Five endometrial cancer risk loci identified through genome-wide association analysis
Research output: Contribution to journal › Article
Colleges, School and Institutes
- Department of Clinical Genetics, St George's, University of London, London, UK.
- Centre for Clinical Epidemiology and Biostatistics, School of Medicine and Public Health, University of Newcastle, NSW, Australia.
- School of Clinical Sciences and Institute of Health and Biomedical Innovation, Queensland University of Technology, Brisbane, Australia.
- Department of Gynecology and Obstetrics, University Hospital Erlangen, Friedrich-Alexander University Erlangen-Nuremberg, Erlangen, Germany.
- Institute of Human Genetics, University Hospital Erlangen, Friedrich-Alexander-University Erlangen-Nuremberg, Erlangen, Germany.
- Department of Medical Epidemiology and Biostatistics, Karolinska Institutet, Stockholm, Sweden.
- Hannover Medical School, Gynaecology Research Unit, Hannover, Germany.
- Department of Gynaecology, Jena University Hospital - Friedrich Schiller University, Jena, Germany.
- Hannover Medical School, Clinics of Gynaecology and Obstetrics, Hannover, Germany.
- Department of Obstetrics and Gynecology, Division of Gynecologic Oncology, University Hospitals, KU Leuven - University of Leuven, Belgium.
- Laboratory for Translational Genetics, Department of Oncology, University Hospitals Leuven, Leuven, Belgium.
- Department of Obstetrics and Gynecology, Division of Gynecologic Oncology, Mayo Clinic, Rochester, MN, USA.
- Department of Health Sciences Research, Mayo Clinic, Rochester, MN, USA.
- Department of Biostatistics, University of Kansas Medical Center, Kansas City, KS, USA.
- Wellcome Trust Centre for Human Genetics, University of Oxford
- University of Cambridge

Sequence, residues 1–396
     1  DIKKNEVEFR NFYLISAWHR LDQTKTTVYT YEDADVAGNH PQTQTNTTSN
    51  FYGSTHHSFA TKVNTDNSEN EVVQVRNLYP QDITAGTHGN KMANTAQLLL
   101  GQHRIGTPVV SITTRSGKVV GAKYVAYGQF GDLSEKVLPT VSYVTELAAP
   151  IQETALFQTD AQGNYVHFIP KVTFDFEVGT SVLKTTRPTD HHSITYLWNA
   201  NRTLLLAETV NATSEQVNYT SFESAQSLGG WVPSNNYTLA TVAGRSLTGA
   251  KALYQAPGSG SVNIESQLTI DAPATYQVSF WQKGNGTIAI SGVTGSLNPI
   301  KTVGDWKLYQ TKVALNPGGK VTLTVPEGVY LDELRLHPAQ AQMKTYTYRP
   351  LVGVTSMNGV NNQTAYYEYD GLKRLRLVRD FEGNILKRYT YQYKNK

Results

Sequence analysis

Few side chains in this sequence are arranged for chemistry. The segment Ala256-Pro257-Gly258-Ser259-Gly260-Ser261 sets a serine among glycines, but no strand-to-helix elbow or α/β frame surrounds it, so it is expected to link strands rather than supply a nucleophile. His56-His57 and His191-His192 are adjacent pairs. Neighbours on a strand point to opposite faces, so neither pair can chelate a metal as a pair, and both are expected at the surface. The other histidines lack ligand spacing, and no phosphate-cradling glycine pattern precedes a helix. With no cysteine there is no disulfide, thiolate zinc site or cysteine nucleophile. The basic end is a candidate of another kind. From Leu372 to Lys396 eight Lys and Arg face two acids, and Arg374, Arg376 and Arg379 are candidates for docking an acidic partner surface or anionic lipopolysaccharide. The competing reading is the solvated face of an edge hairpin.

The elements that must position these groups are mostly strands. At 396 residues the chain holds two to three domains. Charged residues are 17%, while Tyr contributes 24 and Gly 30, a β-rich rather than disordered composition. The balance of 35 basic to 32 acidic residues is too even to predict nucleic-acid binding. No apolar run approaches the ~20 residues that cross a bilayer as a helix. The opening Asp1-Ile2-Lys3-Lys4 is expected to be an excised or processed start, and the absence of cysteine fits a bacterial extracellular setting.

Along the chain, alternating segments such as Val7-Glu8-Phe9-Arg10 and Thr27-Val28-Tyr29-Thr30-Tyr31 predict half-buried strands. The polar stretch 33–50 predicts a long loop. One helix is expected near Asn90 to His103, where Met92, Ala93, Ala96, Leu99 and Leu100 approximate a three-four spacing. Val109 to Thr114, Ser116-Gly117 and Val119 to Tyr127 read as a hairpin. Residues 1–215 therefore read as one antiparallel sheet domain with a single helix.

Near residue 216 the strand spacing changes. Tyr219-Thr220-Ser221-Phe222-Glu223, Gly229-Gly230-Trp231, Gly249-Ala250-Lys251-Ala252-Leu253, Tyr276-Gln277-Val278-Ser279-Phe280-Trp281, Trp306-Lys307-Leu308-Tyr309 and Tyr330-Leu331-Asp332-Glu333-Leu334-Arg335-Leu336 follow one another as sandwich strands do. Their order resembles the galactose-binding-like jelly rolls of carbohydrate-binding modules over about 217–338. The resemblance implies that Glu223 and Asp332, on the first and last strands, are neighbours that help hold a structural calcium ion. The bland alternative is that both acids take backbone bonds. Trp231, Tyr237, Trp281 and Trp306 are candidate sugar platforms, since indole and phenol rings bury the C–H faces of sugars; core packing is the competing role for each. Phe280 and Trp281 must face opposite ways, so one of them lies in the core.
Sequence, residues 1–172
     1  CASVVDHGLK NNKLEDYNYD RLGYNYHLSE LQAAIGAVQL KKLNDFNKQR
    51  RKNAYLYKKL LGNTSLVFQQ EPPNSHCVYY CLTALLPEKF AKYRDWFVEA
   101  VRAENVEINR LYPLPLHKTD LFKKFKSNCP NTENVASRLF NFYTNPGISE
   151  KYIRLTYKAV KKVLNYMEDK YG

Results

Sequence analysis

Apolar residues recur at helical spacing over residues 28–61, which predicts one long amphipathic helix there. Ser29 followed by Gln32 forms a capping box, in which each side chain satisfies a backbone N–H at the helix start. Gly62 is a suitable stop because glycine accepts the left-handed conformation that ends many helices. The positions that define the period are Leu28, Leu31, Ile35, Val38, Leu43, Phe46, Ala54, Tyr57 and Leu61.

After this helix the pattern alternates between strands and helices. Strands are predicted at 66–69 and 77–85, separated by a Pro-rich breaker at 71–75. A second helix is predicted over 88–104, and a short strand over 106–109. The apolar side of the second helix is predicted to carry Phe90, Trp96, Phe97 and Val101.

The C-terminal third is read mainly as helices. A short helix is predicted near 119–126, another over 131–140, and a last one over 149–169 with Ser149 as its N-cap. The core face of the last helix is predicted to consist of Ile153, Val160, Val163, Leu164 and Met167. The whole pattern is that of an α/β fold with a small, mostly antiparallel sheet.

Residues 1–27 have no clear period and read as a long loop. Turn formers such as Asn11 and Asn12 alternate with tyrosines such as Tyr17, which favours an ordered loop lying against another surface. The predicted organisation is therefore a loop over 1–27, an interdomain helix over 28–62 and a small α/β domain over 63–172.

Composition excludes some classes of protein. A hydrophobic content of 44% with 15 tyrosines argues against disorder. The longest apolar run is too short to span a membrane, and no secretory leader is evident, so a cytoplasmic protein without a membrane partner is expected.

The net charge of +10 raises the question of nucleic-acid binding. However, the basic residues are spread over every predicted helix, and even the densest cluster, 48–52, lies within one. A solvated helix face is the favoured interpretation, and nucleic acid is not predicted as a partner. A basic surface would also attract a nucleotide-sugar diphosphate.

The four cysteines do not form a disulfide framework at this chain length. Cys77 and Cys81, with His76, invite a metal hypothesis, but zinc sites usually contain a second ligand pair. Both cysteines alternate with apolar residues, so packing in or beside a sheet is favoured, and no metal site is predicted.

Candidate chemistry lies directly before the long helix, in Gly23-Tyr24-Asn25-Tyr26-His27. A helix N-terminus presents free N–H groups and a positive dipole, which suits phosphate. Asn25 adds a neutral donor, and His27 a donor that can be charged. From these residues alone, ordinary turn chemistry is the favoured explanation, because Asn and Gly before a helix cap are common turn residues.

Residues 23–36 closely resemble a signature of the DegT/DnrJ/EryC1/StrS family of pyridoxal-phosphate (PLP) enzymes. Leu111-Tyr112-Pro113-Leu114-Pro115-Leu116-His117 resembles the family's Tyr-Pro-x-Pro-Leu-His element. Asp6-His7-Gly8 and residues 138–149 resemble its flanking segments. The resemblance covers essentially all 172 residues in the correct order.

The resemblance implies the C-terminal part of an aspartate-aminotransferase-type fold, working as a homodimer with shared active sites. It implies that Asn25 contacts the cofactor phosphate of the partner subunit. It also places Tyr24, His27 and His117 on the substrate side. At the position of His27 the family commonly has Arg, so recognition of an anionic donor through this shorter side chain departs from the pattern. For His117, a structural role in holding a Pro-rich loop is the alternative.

- Department of Genetics and Computational Biology, QIMR Berghofer Medical Research Institute, Brisbane, QLD, Australia.
- School of Biomedical Sciences and Pharmacy, Faculty of Health and Medicine, University of Newcastle, NSW 2308, Australia
- Department of Obstetrics and Gynecology, Haukeland University Hospital, Bergen, Norway.
We conducted a meta-analysis of three endometrial cancer genome-wide association studies (GWAS) and two follow-up phases totaling 7,737 endometrial cancer cases and 37,144 controls of European ancestry. Genome-wide imputation and meta-analysis identified five new risk loci of genome-wide significance at likely regulatory regions on chromosomes 13q22.1 (rs11841589, near KLF5), 6q22.31 (rs13328298, in LOC643623 and near HEY2 and NCOA7), 8q24.21 (rs4733613, telomeric to MYC), 15q15.1 (rs937213, in EIF2AK4, near BMF) and 14q32.33 (rs2498796, in AKT1, near SIVA1). We also found a second independent 8q24.21 signal (rs17232730). Functional studies of the 13q22.1 locus showed that rs9600103 (pairwise r(2) = 0.98 with rs11841589) is located in a region of active chromatin that interacts with the KLF5 promoter region. The rs9600103[T] allele that is protective in endometrial cancer suppressed gene expression in vitro, suggesting that regulation of the expression of KLF5, a gene linked to uterine development, is implicated in tumorigenesis. These findings provide enhanced insight into the genetic and biological basis of endometrial cancer.
|Number of pages||8|
|Early online date||2 May 2016|
|Publication status||Published - Jun 2016|
- Chromosomes, Human, Pair 8, Endometrial Neoplasms, Female, Genetic Predisposition to Disease, Genome-Wide Association Study, Humans, Polymorphism, Single Nucleotide, Promoter Regions, Genetic, Journal Article, Meta-Analysis